FIG. 14 is an exemplary view showing an electrical loop antenna including one metal plate and a ground plate in accordance with an embodiment of the present invention; and

FIG. 15 is an exemplary view showing an electrical loop antenna including two metal plate receiving different currents in accordance with an embodiment of the present invention.

DETAILED DESCRIPTION OF THE INVENTION

Other objects and aspects of the invention will become apparent from the following description of the embodiments with reference to the accompanying drawings, which is set forth hereinafter.

FIG. 2 is a view illustrating a usage environment of a loop antenna in accordance with an embodiment of the present invention.

Referring to FIG. 2, the loop antenna does not produce a radiation pattern for reading an RFID tag 80 positioned on the side of the loop antenna for an RFID reader, because the loop antenna is too small to reach a space where the RFID tag can be read in an RFID system, for example, an RFID system for management of container logistics. This calls for the development of an antenna for an RFID reader that can smoothly communicate with the RFID tag positioned in parallel to the earth's surface. The radiation pattern requested by the antenna that can communicate with the RFID tag positioned in parallel to the earth's surface is shown in FIG. 3.

FIG. 4 is a view showing a current distribution of a typical loop antenna 90. Generally, the resonance frequency of a loop antenna is determined based on the length of a half wavelength or the electrical length of a wavelength. The typical type of loop antenna 90 has the current distribution of FIG. 4. Referring to FIG. 4, the loop antenna 90 has a current distribution in the shape of a ring patch and has a θ-directional electric field component as shown in FIG. 1.

However, the loop antenna 90 is not operated as it is supposed to be theoretically. This is because the radiation points of the loop antenna 90 are not arranged in the shape of a loop, actually. In short, the loop antenna 90 cannot form the uniform radiation source in the form of a unidirectional loop.

The present invention discloses a loop antenna having uniform current radiation sources arranged in the shape of a unidirectional loop.

FIG. 5 is a view illustrating an entire structure of a loop antenna in accordance with an embodiment of the present invention.

The loop antenna of the present invention includes an upper metal plate 100, a lower metal plate 110 disposed apart from the upper metal plate 100 by a predetermined distance, a ground plate 120 disposed apart from the lower metal plate 110 by a predetermined distance, and a feeding probe 140 disposed at the center of the upper and lower metal plates 100 and 110.

The entire structure of the loop antenna is circular when it is seen from the top. The two metal plates that function as radiators, i.e., the upper and lower metal plates 100 and 110, are arranged perpendicularly to each other. The lowest metal plate is the ground plate 120, which is of a perfect circle. The upper metal plate 100 is apart from the lower metal plate 110 by a predetermined distance 130. The feeding probe 140 is disposed at the center of the metal plates to electrically feed the two metal plates 100 and 110 simultaneously.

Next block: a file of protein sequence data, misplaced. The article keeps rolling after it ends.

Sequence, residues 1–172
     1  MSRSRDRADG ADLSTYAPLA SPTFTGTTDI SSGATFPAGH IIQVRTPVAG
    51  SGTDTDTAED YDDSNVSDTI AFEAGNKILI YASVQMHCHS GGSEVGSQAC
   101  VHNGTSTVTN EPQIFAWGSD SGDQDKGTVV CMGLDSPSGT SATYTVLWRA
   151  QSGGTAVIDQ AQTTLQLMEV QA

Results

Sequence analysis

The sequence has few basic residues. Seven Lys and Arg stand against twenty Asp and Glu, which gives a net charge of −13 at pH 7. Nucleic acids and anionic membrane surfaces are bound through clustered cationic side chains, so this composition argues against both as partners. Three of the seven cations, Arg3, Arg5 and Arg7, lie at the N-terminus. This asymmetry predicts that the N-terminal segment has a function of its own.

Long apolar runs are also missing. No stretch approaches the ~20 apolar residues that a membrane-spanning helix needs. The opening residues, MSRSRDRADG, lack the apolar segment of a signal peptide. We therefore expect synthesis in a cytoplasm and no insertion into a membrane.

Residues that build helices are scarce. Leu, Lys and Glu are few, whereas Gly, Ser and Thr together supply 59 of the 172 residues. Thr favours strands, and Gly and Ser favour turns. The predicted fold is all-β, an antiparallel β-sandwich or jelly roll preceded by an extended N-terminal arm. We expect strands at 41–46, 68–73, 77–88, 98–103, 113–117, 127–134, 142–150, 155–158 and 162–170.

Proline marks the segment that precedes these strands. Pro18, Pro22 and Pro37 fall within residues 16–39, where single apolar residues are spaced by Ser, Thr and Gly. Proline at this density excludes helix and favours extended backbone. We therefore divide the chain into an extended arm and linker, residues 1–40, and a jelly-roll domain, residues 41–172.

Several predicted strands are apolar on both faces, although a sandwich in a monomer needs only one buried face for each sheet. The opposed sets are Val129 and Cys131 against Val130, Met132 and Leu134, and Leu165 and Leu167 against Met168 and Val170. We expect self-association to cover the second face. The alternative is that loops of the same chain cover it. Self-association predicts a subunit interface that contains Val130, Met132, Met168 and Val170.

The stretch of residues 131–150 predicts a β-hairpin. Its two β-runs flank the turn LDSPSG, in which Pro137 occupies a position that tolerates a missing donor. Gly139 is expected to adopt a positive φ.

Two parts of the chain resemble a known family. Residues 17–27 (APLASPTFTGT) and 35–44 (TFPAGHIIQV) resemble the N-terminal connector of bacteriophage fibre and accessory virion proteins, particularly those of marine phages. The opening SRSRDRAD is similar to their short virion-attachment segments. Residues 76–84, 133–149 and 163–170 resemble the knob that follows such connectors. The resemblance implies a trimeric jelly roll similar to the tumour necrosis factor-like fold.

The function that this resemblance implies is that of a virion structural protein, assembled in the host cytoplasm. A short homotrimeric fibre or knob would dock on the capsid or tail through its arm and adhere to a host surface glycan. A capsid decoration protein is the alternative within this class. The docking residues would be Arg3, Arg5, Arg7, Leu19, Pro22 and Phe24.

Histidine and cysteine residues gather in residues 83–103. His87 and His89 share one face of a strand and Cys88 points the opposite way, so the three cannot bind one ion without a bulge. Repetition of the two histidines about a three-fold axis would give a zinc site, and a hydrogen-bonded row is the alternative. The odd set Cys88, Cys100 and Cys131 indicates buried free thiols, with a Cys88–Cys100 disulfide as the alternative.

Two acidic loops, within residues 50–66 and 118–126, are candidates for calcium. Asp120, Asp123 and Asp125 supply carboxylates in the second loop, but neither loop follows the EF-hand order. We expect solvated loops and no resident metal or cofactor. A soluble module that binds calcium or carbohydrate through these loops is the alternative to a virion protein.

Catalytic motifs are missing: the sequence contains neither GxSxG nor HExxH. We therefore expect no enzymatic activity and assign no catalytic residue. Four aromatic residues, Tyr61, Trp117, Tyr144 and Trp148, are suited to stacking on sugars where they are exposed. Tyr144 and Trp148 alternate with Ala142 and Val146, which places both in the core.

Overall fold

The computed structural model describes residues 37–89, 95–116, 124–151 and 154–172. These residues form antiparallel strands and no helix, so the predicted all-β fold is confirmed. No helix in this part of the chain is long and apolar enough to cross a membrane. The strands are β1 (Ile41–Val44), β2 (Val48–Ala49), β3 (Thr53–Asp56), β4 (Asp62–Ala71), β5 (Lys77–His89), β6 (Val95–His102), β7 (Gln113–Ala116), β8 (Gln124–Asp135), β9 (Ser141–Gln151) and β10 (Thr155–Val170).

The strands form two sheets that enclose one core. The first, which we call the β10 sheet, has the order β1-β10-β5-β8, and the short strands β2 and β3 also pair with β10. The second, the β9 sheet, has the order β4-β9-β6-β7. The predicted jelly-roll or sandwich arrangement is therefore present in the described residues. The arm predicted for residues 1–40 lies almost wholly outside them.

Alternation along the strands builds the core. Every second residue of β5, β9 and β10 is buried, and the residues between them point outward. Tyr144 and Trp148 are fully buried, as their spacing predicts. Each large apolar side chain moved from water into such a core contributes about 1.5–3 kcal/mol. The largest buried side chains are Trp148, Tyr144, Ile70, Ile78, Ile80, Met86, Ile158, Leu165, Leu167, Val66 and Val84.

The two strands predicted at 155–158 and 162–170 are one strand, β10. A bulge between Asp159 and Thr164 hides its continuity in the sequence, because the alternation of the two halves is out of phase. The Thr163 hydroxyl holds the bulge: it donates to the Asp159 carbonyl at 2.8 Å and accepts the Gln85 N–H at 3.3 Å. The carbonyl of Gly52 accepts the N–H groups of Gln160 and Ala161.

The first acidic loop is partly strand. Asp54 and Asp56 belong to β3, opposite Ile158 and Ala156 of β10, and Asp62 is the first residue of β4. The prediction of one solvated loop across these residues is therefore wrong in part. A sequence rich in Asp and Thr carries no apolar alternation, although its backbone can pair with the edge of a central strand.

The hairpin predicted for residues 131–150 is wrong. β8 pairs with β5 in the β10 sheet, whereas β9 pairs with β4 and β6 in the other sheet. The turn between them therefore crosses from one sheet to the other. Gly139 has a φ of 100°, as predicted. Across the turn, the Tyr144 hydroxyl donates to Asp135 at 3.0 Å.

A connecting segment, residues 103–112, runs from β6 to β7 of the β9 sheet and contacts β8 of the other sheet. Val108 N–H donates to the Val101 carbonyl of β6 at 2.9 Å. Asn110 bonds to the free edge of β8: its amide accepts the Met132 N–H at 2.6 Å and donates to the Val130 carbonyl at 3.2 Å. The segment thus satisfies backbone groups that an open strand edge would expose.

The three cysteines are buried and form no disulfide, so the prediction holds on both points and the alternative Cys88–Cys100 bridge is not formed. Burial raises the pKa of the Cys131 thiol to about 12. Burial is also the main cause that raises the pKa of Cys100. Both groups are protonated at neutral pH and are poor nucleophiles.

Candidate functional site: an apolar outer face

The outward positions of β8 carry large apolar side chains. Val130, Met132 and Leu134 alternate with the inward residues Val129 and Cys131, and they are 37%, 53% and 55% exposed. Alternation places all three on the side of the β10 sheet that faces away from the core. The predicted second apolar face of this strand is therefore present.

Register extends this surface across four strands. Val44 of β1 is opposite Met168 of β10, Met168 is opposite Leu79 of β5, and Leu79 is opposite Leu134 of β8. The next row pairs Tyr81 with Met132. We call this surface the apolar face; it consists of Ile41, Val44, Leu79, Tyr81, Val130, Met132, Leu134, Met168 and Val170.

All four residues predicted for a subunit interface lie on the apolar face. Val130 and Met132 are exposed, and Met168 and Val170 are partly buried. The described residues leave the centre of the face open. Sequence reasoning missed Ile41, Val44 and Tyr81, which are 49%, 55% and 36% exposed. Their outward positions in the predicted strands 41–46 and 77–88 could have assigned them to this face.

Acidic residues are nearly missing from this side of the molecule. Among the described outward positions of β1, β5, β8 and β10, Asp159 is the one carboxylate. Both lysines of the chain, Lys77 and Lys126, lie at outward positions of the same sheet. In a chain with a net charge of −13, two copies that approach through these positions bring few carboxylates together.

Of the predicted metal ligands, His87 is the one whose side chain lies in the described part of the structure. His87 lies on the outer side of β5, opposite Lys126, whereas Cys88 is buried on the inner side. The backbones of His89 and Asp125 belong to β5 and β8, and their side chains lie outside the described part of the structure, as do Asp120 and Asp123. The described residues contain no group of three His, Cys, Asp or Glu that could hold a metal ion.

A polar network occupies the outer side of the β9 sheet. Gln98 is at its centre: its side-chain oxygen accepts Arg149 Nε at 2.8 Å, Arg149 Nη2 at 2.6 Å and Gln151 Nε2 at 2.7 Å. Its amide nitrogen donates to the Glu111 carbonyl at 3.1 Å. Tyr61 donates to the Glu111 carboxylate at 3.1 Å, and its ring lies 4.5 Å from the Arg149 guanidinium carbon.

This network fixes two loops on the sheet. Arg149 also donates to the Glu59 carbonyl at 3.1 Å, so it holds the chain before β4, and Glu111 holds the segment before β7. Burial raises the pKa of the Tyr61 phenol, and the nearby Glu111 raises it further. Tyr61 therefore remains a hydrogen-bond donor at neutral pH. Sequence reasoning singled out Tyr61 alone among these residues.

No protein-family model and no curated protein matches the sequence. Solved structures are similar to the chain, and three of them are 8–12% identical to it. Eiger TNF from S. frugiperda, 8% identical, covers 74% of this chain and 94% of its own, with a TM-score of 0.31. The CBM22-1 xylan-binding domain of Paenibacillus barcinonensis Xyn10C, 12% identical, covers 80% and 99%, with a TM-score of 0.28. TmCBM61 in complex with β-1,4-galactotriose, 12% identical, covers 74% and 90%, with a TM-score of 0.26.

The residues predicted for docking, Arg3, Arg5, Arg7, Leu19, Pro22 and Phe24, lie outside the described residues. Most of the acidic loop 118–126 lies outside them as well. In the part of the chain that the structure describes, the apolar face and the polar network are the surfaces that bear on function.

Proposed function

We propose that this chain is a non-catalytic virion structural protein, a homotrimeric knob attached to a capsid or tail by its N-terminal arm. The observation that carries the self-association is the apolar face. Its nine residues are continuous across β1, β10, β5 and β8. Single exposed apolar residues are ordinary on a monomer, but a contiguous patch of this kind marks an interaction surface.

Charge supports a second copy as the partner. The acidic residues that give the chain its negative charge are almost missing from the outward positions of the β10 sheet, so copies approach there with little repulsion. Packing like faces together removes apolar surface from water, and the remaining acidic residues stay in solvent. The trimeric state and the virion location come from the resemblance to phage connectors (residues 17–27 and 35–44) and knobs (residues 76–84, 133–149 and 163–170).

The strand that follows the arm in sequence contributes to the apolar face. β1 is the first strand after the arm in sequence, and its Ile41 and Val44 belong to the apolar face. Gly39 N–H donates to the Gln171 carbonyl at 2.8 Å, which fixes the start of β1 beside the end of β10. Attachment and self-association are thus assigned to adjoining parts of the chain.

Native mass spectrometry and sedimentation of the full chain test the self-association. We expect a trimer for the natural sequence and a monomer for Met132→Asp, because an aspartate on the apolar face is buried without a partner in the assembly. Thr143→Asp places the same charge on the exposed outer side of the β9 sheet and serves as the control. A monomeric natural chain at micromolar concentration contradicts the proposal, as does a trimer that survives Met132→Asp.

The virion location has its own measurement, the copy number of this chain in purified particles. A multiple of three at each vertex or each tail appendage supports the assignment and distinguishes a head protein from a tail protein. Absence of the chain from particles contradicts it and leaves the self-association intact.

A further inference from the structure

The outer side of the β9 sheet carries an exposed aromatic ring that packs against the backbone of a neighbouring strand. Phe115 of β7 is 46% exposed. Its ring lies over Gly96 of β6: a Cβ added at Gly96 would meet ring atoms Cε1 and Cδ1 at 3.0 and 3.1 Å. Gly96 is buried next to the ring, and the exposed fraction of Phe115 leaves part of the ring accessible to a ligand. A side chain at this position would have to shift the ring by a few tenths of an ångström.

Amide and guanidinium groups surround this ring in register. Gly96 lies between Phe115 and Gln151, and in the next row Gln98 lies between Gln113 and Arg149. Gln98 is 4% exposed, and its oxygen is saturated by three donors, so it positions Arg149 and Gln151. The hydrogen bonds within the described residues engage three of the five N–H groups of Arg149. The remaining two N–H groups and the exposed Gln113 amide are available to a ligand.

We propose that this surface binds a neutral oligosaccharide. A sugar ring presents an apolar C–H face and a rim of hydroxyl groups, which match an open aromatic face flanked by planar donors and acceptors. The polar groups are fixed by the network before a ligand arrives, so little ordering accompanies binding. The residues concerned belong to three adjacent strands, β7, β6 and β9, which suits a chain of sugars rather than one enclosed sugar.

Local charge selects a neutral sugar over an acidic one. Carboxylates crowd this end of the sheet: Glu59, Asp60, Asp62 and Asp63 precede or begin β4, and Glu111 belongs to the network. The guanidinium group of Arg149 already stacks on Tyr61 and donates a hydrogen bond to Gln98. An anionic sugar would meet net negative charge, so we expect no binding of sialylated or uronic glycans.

FIG. 5 also shows the upper metal plate 100 and the lower metal plate 110. The two metal plates 100 and 110 are apart from the ground plate 120 by a non-electrical supporter (not shown) by a predetermined distance 150 in the form of a stack.

The electrical lengths from the center of the upper and lower metal plates 100 and 110, where power feeding is performed practically, to all open points are the same. Thus, the intensity of current at the open points where radiation actually occurs are all the same. Also, since the upper and lower metal plates 100 and 110 are positioned adjacently and perpendicularly to each other, it is possible to refrain the current intensity from changing and make the current flow in one direction.

FIGS. 6A to 6C are views describing current distributions of the loop antenna of FIG. 5. FIG. 6A shows current distribution of the upper metal plate 100, and FIG. 6B shows current distribution of the lower metal plate 110. FIG. 6C shows current distribution of the entire loop antenna including the upper and lower metal plates 100 and 110. Thus, the current of the loop antenna illustrated in FIG. 5 has only a Φ-directional component in the coordinate system of FIG. 1, and the polarization of the loop antenna, too, has the same component, i.e., a Φ-directional component. Therefore, the loop antenna can read an RFID tag having a Φ-directional polarization, which is level with the earth's surface apart from the x axis or the y axis in the coordinate system of FIG. 1.

FIG. 7A shows a Φ-field radiation pattern of the loop antenna shown in FIG. 5 on a three-dimensional system, and FIG. 7B shows a Φ-field radiation pattern on an xy plane when θ=90. FIG. 7C shows a Φ-field radiation pattern on an xz plane when θ=90, and FIG. 7D shows a Φ-field radiation pattern on a yz plane when Φ=90. FIG. 8 shows a resonance characteristic of the loop antenna shown in FIG. 5.